Low-cost Android One handsets to launch in the US: Report

Google is reportedly planning to launch low-cost Android One smartphones in the US. According to a report by The Information, Google is working on affordable Android One smartphones to attract budget buyers in the country.

With the recent launch of their flagship Pixel range of smartphones, Google is now looking to capitalize on the budget segment of the smartphone market in the United States. Google is rumored to launch a slew Android One smartphones in the country this year, though an exact timeline is yet unknown. However, recent reports indicate that it could happen sometime before Q2 2017.

To recall, Android One is one of Google’s projects to offer an affordable smartphone experience in countries like India, Nepal, Pakistan and Bangladesh. In the past, the company tied up with local OEMs such as Lava, Karbonn and Micromax to offer affordable smartphones in these regions. Later, these smartphones were also launched in countries such as Egypt, Ghana, Ivory Cost, Morocco, Kenya, along with other African nations. While in 2016, Japanese carrier Softbank also announced its plans to launch an Android One smartphone in the country called Sharp 507SH, which launched in June that year.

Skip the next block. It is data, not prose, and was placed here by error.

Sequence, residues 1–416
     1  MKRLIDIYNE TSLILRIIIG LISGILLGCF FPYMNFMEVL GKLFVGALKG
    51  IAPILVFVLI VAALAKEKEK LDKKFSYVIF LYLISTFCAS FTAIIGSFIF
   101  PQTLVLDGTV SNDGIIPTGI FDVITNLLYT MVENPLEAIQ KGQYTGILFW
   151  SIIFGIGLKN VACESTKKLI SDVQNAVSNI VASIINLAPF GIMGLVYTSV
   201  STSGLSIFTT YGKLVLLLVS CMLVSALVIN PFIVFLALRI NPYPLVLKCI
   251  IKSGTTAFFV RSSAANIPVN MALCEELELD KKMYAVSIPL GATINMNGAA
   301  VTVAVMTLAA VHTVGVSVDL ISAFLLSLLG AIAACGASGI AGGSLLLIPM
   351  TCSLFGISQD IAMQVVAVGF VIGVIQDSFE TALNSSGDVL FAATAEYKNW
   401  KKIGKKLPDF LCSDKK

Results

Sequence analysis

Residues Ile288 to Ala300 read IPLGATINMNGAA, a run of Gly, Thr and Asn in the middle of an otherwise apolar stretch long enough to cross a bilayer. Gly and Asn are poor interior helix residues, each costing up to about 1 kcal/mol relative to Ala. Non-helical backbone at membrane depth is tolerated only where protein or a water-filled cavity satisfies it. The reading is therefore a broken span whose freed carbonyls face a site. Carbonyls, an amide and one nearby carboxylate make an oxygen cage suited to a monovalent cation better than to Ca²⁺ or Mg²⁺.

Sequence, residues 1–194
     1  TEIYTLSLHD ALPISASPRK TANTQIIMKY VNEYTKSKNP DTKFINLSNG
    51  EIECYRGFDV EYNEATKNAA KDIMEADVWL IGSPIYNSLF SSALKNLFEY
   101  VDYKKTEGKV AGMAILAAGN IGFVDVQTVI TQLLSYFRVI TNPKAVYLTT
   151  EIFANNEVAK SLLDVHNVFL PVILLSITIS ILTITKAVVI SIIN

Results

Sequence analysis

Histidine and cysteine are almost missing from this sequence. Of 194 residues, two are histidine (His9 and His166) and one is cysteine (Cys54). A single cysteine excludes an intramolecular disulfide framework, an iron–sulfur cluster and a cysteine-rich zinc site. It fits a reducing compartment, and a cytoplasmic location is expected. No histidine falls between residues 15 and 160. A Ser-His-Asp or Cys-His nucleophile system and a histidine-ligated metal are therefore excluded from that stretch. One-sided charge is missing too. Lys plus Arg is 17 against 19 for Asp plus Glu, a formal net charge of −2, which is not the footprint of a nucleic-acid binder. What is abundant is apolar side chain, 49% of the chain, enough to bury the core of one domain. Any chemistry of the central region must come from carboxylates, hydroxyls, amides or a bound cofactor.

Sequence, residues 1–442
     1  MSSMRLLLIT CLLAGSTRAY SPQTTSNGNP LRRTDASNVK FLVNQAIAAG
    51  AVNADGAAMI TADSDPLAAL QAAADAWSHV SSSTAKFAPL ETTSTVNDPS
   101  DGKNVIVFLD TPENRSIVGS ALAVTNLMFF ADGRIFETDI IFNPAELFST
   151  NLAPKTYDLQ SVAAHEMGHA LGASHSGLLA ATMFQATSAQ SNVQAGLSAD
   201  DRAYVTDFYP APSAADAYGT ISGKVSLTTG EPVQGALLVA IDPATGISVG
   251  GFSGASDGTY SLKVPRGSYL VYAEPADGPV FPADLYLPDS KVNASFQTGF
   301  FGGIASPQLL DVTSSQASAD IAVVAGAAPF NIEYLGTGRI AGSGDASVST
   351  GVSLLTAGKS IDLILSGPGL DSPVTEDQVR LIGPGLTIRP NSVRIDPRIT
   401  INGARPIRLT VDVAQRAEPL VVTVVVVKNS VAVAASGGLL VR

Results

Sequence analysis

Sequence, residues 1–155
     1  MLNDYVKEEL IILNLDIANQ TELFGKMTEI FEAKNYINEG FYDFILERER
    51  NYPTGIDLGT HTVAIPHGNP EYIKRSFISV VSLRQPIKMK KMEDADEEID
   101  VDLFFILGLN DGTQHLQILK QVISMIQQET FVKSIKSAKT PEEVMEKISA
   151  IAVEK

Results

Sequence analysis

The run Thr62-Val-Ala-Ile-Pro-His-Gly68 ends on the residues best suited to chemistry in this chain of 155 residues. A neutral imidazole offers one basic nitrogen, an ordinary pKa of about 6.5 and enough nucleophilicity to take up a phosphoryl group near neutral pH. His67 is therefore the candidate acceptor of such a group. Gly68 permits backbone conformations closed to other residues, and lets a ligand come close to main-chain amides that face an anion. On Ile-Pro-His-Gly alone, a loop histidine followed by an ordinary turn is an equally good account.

That said, it’s still unclear as to which route will adopt to sell Android One handsets in the US. Either it could work with manufacturers such as LG and HTC just like it did with its Nexus range. Or, it could manufacture these handsets themselves with its own branding – similar to the new Pixel range.

Google’s Android One range of smartphones comprises of three devices – with each model selling around $100. The company earlier launched $100 handsets in India back in September 2014. Later, it was also reported that the company was working on a sub-$50 device into India’s growing Internet services market. In the US, these devices are rumored to sell in the $200-$300 range.

In 2014, the Android One project was launched by Google CEO and Product Chief, Sundar Pichai. According to him, the smartphone is a “high-end computing device in every sense of the term.”

“With Android One we set the bar to be a great software experience and a great device. We really want to bring in a whole new set of people who have never tried a smartphone before” he said.

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